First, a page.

Huck’s acknowledgement of Jim’s humanity in Chapter XXXI does not immediately release him from the psychological entanglements of preconceived perceptions that he has learned since birth. We do not ever know if Huck overcomes these entanglements, but I, for one, do not hold out much hope. I perceive Huck as being proud of himself for realizing that society is wrong, but I do not necessarily see Huck doing anything more after the close of the novel. That, however, is a discussion for another day.

One of the key linguistic distinctions in the novel occurs with “borrow” and “steal,” the latter of which Huck uses in the quote above. Both of these terms are similar, but “borrow” has the connotation that the individual intends to return an item once he or she is done with it. On the other hand, “steal” connotes that an individual will take something from another person, without permission, and with no intention of paying the person back. Throughout the novel, Huck uses “borrow” to relate to items such as chickens, watermelons, or other items that he would take and consume. As for “steal,” Huck uses it when referring to helping Jim escape slavery. This is a difference that needs to be teased out some more.

In Chapter XII, Huck ponders the term “borrow”:

Mornings before daylight I slipped into cornfields and borrowed a watermelon, or a mushmelon, or a punkin, or some new corn, or things of that kind.  Pap always said it warn’t no harm to borrow things if you was meaning to pay them back some time; but the widow said it warn’t anything but a soft name for stealing, and no decent body would do it.  Jim said he reckoned the widow was partly right and pap was partly right; so the best way would be for us to pick out two or three things from the list and say we wouldn’t borrow them any more—then he reckoned it wouldn’t be no harm to borrow the others.  So we talked it over all one night, drifting along down the river, trying to make up our minds whether to drop the watermelons, or the cantelopes, or the mushmelons, or what.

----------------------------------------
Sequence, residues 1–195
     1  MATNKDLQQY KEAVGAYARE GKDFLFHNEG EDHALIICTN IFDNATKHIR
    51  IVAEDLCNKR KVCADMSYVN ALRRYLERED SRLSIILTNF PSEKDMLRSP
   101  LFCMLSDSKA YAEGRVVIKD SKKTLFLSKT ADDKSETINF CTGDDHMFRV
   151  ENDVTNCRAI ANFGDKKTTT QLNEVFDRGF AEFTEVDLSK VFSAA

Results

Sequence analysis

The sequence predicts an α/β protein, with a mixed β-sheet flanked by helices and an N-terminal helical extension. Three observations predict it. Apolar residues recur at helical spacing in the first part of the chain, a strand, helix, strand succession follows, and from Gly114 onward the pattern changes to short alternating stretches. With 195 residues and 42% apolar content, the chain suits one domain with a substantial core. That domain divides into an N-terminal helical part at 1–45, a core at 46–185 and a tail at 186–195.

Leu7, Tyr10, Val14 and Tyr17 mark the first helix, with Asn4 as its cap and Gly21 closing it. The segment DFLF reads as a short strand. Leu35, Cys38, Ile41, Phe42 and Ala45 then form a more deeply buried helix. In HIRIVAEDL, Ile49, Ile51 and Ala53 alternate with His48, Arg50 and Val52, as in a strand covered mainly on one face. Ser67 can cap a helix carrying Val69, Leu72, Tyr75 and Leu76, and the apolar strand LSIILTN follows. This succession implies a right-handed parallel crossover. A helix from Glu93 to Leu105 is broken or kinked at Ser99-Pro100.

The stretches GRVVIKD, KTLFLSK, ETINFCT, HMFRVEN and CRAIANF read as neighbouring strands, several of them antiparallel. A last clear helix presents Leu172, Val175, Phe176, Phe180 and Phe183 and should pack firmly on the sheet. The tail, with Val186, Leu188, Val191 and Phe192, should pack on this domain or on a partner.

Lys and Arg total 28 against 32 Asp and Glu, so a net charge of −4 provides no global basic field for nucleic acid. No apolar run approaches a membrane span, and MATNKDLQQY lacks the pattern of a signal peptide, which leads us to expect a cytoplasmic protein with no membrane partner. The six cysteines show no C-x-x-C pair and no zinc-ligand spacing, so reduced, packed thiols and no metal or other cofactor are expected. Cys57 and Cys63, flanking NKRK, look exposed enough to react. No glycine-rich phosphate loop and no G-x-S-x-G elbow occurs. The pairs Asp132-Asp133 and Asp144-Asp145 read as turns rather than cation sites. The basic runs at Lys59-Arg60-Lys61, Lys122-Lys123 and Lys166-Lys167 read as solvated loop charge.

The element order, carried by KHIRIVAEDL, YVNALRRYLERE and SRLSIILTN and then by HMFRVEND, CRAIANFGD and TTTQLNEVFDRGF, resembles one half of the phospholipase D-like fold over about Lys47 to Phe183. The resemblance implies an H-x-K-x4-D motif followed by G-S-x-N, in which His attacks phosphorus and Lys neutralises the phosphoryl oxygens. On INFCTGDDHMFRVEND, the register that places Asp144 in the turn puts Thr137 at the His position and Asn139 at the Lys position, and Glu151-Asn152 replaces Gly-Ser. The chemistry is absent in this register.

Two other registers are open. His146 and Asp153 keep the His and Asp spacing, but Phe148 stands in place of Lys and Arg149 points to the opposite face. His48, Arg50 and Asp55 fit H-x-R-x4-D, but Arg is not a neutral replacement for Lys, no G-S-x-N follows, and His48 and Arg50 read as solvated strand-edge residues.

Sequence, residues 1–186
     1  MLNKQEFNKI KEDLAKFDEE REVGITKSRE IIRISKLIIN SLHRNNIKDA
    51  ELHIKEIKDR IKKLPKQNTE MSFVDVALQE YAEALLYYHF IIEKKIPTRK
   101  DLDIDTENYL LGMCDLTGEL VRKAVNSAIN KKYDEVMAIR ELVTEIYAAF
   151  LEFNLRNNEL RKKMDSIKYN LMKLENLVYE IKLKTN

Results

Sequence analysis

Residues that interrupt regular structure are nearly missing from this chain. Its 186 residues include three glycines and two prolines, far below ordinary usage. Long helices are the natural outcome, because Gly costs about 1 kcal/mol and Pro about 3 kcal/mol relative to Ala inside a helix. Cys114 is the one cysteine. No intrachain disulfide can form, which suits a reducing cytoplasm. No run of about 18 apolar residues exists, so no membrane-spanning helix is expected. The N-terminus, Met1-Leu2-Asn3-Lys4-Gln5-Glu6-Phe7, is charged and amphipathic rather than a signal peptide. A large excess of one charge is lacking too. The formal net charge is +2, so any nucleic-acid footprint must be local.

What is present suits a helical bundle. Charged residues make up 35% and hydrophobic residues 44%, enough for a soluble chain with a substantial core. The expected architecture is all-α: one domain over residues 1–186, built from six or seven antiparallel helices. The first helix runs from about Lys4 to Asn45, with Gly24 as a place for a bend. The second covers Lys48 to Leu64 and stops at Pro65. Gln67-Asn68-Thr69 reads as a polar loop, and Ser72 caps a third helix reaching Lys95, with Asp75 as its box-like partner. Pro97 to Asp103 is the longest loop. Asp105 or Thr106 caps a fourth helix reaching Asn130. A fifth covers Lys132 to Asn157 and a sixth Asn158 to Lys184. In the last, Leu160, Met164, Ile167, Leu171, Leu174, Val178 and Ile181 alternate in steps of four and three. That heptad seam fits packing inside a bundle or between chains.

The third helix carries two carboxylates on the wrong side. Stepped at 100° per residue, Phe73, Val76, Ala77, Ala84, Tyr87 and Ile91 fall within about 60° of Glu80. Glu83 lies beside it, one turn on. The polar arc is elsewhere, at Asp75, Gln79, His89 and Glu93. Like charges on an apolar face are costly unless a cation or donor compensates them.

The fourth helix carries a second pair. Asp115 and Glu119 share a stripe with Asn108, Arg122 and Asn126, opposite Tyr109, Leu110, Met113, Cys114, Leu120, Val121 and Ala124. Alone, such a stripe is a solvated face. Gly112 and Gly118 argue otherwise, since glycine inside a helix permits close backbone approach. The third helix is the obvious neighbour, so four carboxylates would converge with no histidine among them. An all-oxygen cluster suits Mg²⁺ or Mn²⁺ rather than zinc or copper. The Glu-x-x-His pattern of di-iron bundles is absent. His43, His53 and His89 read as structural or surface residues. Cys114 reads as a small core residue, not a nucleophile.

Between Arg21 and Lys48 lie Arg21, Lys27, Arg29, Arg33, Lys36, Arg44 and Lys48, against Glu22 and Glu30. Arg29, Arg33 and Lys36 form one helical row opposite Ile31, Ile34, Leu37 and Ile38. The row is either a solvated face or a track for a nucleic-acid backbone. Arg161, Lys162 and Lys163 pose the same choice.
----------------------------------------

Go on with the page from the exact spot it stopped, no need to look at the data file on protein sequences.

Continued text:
Here, Huck parses out what he means by the word “borrow.” For Huck, he initially follows Pap’s definition of “borrow,” essentially, if he planned to “pay them back sometime,” it was alright to “borrow” something. However, the widow claims that “borrow” is nothing more than stealing. Jim convinces Huck that the widow and Pap are both right, in their own way, and this leads the two to decide what they feel comfortable “borrowing.”

Juxtaposed against “borrow,” though, is “steal.” In Chapter XVI, Jim talks about what he will do once he is free. He plans to buy his wife’s freedom, and then the two of them plan to buy their children out of slavery. If that does not work, they will hire “an Ab’litionist to go and steal them.” Key here, of course, is the word “steal.” Jim’s use of “steal” causes Huck to freeze up and contemplate how he feels about Jim.

It most froze me to hear such talk.  He wouldn’t ever dared to talk such talk in his life before.  Just see what a difference it made in him the minute he judged he was about free.  It was according to the old saying, “Give a nigger an inch and he’ll take an ell.”  Thinks I, this is what comes of my not thinking.  Here was this nigger, which I had as good as helped to run away, coming right out flat-footed and saying he would steal his children—children that belonged to a man I didn’t even know; a man that hadn’t ever done me no harm.

Unlike the “borrowing” of watermelons or other sundry items, Huck becomes disturbed by Jim’s assertion that he will “steal” his children. To Huck, while the children may biologically be Jim’s, they are the property of someone else. Here, he does not see Jim, Jim’s wife, or Jim’s children as human; instead, he only views them as capital and property for others. Hence, “stealing” becomes something illegal in Huck’s eyes.